The Deatnu Agreement: a contemporary wall of settler colonialism

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The Deatnu River, located in Northern Scandinavia in the heart of Sápmi, is often regarded as one of the finest salmon rivers in Europe. In the 1751 Strömstad Peace Accord, the Deatnu river was made into an international boundary, becoming one of the oldest political borders in Europe. Since 1873, salmon fishing in the Deatnu River has been regulated by bilateral agreements negotiated between Norway and Finland. The most recent agreement was reached in 2017, in spite of a very strong, uniform opposition of the local population, Sámi and non–Sámi alike. This article considers the nature, effects and objectives of the 2017 Deatnu Agreement in the context of an international boundary. I suggest that the 2017 Deatnu Agreement is a figurative wall erected by the states of Norway and Finland in the context of the post–Westphalian order. The 'post–Westphalian order' is characterized by the erection of walls to define nation–state boundaries. Drawing on Elizabeth Strakosch' analysis of policy as a key strategy of settle colonialism and Lorenzo Veracini's concept of transfer, the article considers how this figurative wall is intended to target the Sámi people and how it is an emblem of Nordic settler colonialism.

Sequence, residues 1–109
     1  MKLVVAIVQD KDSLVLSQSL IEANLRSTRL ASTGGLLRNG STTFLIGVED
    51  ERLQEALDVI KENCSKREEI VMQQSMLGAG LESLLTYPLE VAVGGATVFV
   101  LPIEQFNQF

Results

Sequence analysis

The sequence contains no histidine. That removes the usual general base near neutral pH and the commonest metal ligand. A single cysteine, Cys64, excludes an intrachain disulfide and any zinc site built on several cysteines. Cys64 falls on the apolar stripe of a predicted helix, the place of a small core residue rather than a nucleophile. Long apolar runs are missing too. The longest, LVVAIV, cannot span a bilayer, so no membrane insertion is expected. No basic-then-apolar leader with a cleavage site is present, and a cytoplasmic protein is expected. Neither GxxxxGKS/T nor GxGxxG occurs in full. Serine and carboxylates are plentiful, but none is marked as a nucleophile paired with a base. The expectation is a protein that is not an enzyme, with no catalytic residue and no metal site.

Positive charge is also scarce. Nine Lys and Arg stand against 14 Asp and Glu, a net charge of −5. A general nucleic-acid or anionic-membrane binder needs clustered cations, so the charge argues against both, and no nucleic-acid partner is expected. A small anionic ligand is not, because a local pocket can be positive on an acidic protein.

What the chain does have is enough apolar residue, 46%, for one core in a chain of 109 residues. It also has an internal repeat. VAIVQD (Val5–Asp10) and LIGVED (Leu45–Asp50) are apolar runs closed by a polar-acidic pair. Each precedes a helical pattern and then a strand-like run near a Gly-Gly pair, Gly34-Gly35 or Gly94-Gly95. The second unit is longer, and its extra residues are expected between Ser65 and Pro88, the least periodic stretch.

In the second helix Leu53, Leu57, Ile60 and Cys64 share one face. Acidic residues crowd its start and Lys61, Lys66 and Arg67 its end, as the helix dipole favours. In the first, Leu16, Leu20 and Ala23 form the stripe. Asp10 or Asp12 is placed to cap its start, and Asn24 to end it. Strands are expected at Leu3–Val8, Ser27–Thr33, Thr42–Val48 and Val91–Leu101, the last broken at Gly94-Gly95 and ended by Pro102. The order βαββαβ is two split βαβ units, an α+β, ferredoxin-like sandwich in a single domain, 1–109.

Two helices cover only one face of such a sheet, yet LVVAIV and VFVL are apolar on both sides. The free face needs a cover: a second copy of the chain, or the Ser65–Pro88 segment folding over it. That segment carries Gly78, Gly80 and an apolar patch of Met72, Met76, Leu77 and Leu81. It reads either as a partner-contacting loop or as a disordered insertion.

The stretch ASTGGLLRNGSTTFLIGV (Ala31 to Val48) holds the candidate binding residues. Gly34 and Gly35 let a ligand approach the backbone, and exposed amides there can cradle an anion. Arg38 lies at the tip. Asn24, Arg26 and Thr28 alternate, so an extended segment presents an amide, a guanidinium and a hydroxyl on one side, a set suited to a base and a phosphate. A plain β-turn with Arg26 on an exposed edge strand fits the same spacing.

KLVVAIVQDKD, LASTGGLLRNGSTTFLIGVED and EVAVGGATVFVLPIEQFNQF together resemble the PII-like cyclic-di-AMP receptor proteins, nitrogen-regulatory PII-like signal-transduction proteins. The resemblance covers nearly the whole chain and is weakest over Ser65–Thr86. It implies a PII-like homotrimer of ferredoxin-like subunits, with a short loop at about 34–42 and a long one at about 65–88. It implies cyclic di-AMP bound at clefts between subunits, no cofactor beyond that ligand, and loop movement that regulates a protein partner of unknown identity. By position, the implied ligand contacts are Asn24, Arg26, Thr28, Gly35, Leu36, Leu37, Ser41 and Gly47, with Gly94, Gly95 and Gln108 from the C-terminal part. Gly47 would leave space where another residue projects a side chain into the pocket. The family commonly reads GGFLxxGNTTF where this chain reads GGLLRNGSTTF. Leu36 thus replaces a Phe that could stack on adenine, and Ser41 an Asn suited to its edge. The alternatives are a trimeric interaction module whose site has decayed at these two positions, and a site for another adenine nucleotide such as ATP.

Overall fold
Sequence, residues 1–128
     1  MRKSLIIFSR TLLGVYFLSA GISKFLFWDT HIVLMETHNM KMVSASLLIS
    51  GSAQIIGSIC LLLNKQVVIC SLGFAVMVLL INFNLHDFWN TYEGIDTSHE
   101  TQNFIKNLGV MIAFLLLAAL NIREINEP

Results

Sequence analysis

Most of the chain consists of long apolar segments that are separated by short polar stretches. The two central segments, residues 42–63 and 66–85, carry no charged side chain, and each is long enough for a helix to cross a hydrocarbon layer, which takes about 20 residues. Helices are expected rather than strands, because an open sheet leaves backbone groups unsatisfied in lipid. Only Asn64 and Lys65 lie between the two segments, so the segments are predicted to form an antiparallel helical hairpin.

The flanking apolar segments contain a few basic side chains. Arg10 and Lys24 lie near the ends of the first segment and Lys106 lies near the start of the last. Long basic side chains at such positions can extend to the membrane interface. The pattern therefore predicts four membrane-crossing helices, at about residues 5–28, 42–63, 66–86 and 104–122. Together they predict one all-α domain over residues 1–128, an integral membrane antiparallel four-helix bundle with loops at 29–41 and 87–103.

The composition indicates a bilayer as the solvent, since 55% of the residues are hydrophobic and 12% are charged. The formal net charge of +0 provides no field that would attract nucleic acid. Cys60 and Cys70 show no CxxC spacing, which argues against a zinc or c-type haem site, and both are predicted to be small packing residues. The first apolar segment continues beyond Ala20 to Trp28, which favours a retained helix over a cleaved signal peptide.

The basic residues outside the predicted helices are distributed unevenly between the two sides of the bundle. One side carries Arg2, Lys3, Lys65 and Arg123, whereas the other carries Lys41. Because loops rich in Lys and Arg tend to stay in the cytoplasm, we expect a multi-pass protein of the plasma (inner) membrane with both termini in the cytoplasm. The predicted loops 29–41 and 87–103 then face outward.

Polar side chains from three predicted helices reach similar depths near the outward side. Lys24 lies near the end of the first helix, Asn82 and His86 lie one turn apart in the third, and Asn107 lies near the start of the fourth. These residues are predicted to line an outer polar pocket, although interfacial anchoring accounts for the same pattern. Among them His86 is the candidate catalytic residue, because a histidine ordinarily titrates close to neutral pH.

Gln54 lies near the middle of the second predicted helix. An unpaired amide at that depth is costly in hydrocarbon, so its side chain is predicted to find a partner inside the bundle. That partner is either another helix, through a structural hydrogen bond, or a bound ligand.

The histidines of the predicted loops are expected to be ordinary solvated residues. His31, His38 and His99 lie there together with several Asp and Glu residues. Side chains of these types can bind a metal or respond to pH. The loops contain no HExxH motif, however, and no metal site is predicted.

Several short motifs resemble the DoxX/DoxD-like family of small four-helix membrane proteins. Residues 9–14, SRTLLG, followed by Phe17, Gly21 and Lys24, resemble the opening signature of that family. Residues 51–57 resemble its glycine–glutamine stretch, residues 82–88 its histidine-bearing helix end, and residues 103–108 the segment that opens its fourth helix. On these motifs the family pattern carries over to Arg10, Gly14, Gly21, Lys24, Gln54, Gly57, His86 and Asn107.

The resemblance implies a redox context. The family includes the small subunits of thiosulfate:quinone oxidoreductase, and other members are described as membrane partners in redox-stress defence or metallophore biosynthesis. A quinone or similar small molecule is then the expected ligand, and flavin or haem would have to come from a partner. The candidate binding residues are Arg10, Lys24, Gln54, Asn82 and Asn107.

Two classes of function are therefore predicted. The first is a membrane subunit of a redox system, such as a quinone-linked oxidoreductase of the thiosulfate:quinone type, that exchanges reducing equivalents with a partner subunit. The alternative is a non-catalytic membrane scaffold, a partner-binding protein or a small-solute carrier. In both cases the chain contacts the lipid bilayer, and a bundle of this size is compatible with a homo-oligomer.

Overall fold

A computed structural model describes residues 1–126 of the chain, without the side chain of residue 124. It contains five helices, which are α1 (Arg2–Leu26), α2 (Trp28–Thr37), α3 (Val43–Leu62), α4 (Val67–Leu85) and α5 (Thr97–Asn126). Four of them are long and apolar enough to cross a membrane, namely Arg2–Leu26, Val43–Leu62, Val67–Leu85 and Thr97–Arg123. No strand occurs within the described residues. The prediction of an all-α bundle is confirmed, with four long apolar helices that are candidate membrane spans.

Original languageEnglish
Pages (from-to)508-528
JournalSettler Colonial Studies
Issue number4
Publication statusE-pub ahead of print - 6 Aug 2020
MoEC publication typeA1 Journal article-refereed


  • Indigenous-settler relations
  • Nordic settler colonialism
  • Sami people
  • Scandinavia borders

Field of science

  • Social policy


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